top of page
Project Title What Is The City But The People
Project Completed 2021
Project Partners Martin Donlin and Anton Morton
Project Media Polycarbonate and Stainless Steel
Polycarbonate and stainless steel suspended mosaic near 30,000 sq.ft. Unified, young and old, some with cellphone in hand and others a cane, the multicolored figures move in parade as a subtle nod to classical artwork processions from the Greek Parthenon Frieze (440 BC) to the expressionism of American Artist Norman Lewis (1909-1979). Cutting the silhouettes into layers of color, Donlin’s composition laces together the squared structure of surrounding downtown city blocks with a keyline of organic Native American symbol inspired lettering and stylized outline of the State of Oklahoma. The beguiling use of local anecdotes lends a clever sense of place to the action of The People as they move rhythmically, forward, in unison. The subjective experience of the static installation is layered more deeply by the impact of ever changing natural and artificial lighting that bring a sense of life to the individual components themselves. At sunrise, from inside the garage façade, you can watch the tiles slowly change from rainbow metal sheens of crystallized bismuth into a prismatic display of luminous glass mosaic. Throughout the day, a tessellation of shadows draws their colors from the tiled wall as the penumbra chases and recedes across the floors in response to the movement of the sun.
The goal of the project was to create a series of artistic skin walls to wrap the exterior of the Oklahoma City Convention Center Parking Garage and function as a barrier which has a surface that is fifty percent open; allowing natural airflow through the facility. The infrastructure was funded through Oklahoma City's Maps III Funding with Public Artwork being made possible by the Oklahoma City Percent for Art Program. Full project catalog here: https://www.okc.gov/home/showpublisheddocument/24120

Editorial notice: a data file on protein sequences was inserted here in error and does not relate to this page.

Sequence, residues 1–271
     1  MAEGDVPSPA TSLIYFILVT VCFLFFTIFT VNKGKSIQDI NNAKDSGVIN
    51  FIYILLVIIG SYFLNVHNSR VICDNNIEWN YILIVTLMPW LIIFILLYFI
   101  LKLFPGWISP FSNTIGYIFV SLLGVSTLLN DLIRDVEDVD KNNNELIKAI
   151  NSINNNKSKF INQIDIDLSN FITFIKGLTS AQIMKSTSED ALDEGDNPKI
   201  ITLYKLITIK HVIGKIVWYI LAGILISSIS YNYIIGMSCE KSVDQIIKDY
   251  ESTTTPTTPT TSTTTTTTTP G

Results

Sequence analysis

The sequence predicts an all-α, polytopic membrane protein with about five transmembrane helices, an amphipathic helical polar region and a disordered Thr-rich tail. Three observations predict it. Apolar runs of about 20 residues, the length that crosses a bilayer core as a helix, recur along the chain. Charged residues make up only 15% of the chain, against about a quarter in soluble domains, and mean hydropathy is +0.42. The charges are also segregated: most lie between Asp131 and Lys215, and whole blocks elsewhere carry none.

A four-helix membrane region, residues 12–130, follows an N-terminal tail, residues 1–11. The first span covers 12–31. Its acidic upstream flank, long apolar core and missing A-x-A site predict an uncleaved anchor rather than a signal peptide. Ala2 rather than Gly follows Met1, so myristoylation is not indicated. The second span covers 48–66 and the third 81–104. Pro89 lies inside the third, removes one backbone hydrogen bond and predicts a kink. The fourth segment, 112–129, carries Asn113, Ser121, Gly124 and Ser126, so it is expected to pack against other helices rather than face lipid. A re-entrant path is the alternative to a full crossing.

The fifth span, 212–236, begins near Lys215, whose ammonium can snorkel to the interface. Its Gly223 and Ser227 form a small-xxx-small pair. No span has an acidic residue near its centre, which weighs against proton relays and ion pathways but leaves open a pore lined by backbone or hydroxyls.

The first undertaking was guiding the original design from solid form into an engineered open format that could be fabricated for installation to meet building code and architectural requirements. To make it possible, we had to rebuild the design, digitally, at scale. The file resulted in over 3.2 billion pixels and nearly 2GB of raw data. The design was overlayed with a template we created to mirror the supporting hardware and open area in the façade. With the template area redacted from the design we were able to start the labored task of combing through 89,000 digital squares to solidify color to each. For several weeks, we swapped colors in the digital design, shipped multiple rounds of tile samples halfway around the globe, built demo models to test light reflection and refraction and had Zoom meetings showing each other tile after tile by sunlight, moonlight and flashlight. The next major feat came in the form of counting the number of tiles in each color. Rather than counting the tiles one at a time, we created a method with an algorithm to calculate color percentages and divide by the total number of tiles to get the number of tiles per color.
This project was Honored with The AIA Design Award, the highest State AIA Honor, by an out-of-state jury. "For such a utilitarian everyday structure which is typically so mundane. it is rare that one rises to the level of civic prominence like this one does. The typically banal garage typology rises to the level of ephemeral experience. The jury appreciated the dappled quality of light and the experience of the user from both interior and exterior. The detailing of the polycarbonate panels is refined and elegant, it enlivens the street." [AIA Jury Comments]
bottom of page